I’m not sure I cared for Underwater. Written by Arthur Weiss it first aired on 6 November, 1971 and features the IMF going after some crooks, their cash, and some stolen diamonds. Unfortunately, a thief has made off with them, and they have to get him to admit where they are and scoop them out from under the baddies noses.
Hoffman (Jeremy Slate) is the master thief who stole the diamonds, blowing up a boat to hide the theft, and tucking them deep at sea. His boss, Berlinger (Fritz Weaver) wants them back and is not above having Hoffman beaten to reveal their location.
Phelps (Peter Graves) and his team have to find a way to recover the diamonds before Berlinger gets his hands on them. Consequently, there are some underwater sequences that I’m sure looked decent on smaller televisions with poor resolutions, but with today’s high-def you can definitely tell they are in an aquarium pool.
The team runs its con, and its mission, and pulls out all the stops to make the recovery and keep the world safe, but this is an episode I just couldn’t get into. And the underwater work could have been a lot stronger than it was.
That being said getting the team out of their usual environment, i.e. stages, and out into the real world makes for some nice visuals, but they could have been a lot stronger. Underwater work is tough, but when done right can be just captivating. Still, working on a time frame and a tight, costly production, you sometimes sacrifice art for necessity.
Invasion was written by James L. Henderson and Samuel Roeca and debuted on 13 November, 1971. It also saw poor Kevin McCarthy dealing with another invasion, though this time it wasn’t body snatchers.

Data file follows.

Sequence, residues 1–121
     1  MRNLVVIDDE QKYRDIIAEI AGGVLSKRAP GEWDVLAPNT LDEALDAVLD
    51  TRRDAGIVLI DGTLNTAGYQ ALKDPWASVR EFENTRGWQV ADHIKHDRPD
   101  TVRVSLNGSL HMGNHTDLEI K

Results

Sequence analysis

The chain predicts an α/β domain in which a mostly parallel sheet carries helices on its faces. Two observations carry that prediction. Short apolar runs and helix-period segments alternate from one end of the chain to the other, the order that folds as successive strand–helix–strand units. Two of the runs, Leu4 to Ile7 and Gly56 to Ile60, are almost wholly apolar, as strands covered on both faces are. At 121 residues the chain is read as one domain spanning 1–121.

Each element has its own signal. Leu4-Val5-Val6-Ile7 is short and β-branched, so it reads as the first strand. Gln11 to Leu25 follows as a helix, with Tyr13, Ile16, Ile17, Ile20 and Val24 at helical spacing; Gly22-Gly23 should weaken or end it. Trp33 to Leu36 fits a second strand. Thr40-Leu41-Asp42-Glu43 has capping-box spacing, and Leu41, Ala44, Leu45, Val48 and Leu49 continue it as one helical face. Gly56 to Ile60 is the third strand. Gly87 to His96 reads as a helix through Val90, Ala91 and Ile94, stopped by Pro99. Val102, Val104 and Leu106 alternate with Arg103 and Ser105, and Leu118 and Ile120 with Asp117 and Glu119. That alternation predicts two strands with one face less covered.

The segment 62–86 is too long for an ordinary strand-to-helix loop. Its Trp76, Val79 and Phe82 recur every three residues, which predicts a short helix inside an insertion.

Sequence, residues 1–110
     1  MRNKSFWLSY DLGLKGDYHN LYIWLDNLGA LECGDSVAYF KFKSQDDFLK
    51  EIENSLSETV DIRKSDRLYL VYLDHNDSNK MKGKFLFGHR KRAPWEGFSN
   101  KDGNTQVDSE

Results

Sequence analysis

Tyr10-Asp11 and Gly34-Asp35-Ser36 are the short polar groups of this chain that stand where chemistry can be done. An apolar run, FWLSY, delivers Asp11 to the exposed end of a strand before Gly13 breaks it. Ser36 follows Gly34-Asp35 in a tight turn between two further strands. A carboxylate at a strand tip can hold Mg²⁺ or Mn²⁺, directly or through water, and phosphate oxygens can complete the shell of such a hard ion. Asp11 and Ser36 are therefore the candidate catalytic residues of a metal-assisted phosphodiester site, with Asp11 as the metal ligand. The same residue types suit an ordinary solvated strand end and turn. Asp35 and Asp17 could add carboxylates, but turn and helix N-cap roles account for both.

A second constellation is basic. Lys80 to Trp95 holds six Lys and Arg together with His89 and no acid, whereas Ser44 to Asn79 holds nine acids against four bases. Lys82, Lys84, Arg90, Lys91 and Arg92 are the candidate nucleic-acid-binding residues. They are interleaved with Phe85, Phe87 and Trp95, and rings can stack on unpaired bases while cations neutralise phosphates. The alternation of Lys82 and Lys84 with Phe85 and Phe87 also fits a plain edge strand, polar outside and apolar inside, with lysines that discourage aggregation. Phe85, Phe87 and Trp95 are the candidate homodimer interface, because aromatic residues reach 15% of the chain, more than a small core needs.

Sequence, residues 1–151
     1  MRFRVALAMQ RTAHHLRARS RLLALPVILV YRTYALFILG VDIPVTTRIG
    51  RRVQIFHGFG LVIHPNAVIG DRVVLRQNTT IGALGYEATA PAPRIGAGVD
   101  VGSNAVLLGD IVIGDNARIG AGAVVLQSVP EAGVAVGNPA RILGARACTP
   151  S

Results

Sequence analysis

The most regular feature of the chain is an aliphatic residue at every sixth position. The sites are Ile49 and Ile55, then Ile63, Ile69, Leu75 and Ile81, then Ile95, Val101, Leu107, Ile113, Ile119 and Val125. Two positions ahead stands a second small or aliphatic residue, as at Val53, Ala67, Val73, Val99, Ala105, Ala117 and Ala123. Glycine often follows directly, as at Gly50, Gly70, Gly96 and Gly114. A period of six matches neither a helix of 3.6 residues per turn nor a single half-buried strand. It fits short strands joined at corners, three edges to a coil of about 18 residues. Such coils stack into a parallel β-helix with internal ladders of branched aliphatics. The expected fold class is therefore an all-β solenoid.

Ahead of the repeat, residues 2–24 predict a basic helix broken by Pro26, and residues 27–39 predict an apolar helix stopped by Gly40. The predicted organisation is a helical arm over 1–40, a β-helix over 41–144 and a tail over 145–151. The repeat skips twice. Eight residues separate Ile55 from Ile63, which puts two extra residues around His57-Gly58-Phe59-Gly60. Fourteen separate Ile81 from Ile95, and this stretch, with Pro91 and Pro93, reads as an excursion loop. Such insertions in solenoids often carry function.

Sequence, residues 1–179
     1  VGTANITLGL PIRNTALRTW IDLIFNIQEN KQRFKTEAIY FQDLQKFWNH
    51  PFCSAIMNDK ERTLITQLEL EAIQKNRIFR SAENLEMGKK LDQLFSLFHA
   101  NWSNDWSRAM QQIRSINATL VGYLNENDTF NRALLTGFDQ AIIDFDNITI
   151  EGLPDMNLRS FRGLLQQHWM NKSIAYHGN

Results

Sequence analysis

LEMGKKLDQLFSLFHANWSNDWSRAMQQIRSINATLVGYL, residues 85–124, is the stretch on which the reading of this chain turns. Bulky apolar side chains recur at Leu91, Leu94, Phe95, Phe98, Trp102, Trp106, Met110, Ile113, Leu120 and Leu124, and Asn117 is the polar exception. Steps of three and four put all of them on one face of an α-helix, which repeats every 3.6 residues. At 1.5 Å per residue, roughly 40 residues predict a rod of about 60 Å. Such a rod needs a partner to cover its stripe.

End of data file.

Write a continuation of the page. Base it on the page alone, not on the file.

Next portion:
Whitmore Channing has access to classified data which reveals temporary holes in America’s defense network, leaving them open to attack if it was discovered by their enemies.
To find out where the information is hidden, Phelps and his team have to convince Channing that he’s missing twelve hours of his life, and that the invasion has already happened. An invasion that could seem him being executed after dealing with a war tribunal.
An easy enough con for the IMF to pull off, but what they don’t know is that there is a hitman who is infiltrating the site with the intention of killing Channing. This could upset the entire operation, and plunge America into dire straits until they can plug their defensive holes.
There’s a lot I liked about this episode, as a great deal of attention is paid to a number of small details to layer out the reality they are trying to create for Channing, perhaps the most that has been paid in an episode yet.
A solid entry in the series, and I’m looking forward to seeing what else the series has in store as I explore more of Mission: Impossible – The Complete Series on Blu-ray, available now from Paramount Canada!